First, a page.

"That's the plan," he said after participating in a full practice on Monday. "I just want to put all these injuries behind me and get on with the season."
Rose said that he no longer feels the effects of the spasms and doesn't believe that they will hamper him throughout the season.
"I think it's just a one-shot thing," he said. "Before I fell I wasn't worried about it. Things like this are going to happen. It comes with the season -- bumps and falls. I just got to find a way around it. I can't let it get to me mentally."
Rose initially felt the spasms in the first half of the Knicks' win over Miami on Dec. 6. He missed New York's next two games and returned on Dec. 11, scoring 25 points in a win over the Los Angeles Lakers.
Rose's spasms then flared up again during the Knicks' next game against Phoenix, which Rose left after playing just 10 minutes.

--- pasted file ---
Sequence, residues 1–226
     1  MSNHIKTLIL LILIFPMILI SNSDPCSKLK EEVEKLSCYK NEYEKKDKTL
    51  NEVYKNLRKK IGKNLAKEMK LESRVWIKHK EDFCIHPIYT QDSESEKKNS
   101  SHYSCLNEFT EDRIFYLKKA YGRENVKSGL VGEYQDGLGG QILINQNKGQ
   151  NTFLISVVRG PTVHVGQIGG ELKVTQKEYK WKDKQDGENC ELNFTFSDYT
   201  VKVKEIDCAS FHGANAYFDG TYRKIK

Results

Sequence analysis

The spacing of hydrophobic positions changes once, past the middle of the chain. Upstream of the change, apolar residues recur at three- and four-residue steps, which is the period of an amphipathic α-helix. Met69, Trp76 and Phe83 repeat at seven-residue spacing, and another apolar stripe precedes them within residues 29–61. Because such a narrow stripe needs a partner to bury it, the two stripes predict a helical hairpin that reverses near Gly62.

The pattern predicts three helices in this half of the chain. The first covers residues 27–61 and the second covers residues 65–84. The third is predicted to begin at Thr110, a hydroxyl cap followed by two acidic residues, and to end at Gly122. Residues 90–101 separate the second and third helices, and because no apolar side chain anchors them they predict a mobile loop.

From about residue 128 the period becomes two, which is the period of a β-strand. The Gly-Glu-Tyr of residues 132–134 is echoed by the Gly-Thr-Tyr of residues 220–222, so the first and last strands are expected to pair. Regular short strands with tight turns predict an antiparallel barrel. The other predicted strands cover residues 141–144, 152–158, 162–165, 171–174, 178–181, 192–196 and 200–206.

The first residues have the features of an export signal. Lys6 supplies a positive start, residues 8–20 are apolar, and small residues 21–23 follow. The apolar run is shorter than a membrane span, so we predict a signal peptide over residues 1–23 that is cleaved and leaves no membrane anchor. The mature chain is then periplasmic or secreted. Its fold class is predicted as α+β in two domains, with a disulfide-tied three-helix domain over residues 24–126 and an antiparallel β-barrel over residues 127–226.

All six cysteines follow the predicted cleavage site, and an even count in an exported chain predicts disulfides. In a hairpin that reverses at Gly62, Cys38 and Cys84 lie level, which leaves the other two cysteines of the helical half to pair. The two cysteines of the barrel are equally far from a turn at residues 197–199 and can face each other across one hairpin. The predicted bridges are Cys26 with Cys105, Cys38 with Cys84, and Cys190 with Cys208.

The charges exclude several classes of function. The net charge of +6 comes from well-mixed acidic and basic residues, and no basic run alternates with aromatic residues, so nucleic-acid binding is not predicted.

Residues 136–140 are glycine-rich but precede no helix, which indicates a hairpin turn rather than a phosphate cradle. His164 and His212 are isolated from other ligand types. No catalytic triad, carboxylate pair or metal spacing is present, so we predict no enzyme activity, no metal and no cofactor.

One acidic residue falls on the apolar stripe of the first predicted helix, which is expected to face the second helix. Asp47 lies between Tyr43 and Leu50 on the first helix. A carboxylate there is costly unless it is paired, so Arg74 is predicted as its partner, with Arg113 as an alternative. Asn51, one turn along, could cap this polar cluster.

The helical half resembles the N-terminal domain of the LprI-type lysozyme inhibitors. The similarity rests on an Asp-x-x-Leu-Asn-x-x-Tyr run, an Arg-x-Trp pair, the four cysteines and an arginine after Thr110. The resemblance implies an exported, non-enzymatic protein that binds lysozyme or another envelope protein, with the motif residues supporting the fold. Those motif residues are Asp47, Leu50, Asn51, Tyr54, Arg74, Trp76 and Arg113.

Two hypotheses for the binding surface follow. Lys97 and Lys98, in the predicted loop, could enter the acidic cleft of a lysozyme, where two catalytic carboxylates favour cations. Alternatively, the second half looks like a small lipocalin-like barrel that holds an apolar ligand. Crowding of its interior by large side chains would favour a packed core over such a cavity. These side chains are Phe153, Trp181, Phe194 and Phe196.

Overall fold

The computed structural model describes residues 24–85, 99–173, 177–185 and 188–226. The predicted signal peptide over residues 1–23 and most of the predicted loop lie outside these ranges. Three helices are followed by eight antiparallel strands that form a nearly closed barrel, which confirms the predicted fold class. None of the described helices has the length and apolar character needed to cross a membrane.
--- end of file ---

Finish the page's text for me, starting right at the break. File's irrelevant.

He missed the Knicks' next two games, both losses. The Knicks have lost three straight and have gone 1-3 in games Rose has missed due to the back ailment.
"He's obviously very important for us," Kristaps Porzingis said. "Just having another guy that can attack and create for others and be the aggressor."
The Knicks have taken a cautious approach with Rose, who has a history of serious injuries, though not related to his back.
Rose played in 39 percent of his games in the previous four seasons, missing time due to various injuries, including three significant knee ailments. He had played in every game in his first season in New York prior to missing time because of back spasms and was a significant reason for the Knicks' strong start.
In 23 games, Rose is averaging 16.4 points (45.6 percent shooting), four rebounds and 4.4 assists per game.
He seems excited to get back on the court and continue his season.
"I just want to put this behind me," Rose said. "It's over."